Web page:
Mrs Rosie and the Priest makes for an interesting accumulation of stories set in Italy. All the 4 tales are unique because they revolve around different themes. While in Andreuccio’s story, we glimpse the treacherous side of society; Patient Griselda depicts the strength and will power of women in those ages. Ricciardo’s misfortune which he brought upon himself is rather funny as is the witty outcome of the Priest’s bet with Rosie. There certainly was a greedy and lusty angle to these stories. Some of which made the comic timing great.
Out of all the Little Black Classics I’ve read, this was one of my favourites. It had good humor, good plots, a great deal of morals. Boccaccio’s stories were great reads but they don’t offer much in terms of cultural insight. Somehow, even the tragedies in his story could be taken lightheartedly. I didn’t have much of a problem with his characterization, except for the fact that I found Griselda to be naive as she repeatedly put her self-worth on the line. It’s commendable that she showed great strength in her demeanor towards the injustice she was facing, but it would have been more realistic had she yelled and cried than dealt with it silently. On the other hand, just when I was starting to feel bad for Andreuccio, he turned out to be a smartass. The book is definitely fun. I thoroughly enjoyed reading it and so would recommend it to y’all for quick, humorous reads.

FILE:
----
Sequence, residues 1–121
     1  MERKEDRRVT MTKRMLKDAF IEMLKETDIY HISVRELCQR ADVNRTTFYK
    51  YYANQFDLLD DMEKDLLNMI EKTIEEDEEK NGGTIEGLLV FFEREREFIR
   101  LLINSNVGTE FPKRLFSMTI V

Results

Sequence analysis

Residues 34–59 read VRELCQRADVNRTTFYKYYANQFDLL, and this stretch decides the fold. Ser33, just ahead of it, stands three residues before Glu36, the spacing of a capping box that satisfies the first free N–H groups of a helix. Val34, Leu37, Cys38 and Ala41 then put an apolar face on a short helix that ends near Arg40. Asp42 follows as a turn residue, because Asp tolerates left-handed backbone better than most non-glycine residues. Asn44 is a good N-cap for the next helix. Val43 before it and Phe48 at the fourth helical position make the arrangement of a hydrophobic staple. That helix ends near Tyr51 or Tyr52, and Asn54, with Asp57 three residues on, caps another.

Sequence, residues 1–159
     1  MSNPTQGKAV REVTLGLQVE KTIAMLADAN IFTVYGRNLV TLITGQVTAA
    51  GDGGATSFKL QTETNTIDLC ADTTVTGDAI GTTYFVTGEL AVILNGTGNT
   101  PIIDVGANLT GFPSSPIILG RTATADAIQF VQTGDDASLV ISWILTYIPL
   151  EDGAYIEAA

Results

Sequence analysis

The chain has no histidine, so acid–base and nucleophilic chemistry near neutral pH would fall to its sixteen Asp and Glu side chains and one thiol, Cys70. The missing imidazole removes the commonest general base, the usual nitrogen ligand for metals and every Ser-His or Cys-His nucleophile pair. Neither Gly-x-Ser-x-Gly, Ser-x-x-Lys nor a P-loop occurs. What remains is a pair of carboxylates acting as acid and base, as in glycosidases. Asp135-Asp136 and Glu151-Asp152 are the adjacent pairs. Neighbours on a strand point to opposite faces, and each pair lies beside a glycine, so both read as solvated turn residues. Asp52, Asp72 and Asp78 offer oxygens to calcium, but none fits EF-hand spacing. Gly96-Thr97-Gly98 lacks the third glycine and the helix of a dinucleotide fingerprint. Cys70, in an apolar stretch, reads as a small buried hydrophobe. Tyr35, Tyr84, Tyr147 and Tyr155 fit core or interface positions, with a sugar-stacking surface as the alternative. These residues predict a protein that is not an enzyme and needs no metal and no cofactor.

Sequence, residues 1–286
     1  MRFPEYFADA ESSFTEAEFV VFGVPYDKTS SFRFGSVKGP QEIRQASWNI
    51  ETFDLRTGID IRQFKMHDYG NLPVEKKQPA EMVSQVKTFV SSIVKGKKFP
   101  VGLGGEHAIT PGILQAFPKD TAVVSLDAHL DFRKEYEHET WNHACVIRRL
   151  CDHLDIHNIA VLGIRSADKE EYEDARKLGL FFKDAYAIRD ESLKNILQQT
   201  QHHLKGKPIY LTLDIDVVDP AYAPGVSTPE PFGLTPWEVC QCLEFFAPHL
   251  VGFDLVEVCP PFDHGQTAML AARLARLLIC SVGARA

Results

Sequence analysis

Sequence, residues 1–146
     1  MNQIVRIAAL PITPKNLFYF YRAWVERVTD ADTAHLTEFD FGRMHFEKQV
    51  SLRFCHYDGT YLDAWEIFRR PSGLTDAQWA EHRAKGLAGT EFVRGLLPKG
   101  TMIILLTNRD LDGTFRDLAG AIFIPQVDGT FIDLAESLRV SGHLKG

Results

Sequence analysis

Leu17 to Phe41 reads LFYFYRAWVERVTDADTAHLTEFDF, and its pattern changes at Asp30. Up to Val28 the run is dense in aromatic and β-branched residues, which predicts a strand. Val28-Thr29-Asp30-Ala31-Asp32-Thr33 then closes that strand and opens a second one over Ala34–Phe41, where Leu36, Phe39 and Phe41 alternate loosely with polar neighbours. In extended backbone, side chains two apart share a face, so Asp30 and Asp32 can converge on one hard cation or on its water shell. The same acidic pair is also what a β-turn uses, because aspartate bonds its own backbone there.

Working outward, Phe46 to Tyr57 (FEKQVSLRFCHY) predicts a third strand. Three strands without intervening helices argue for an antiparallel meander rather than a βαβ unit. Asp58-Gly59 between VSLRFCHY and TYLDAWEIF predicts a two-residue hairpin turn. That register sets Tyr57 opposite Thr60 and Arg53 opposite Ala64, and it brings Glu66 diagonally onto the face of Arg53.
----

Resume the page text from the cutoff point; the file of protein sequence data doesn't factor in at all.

Ratings – 4 stars on 5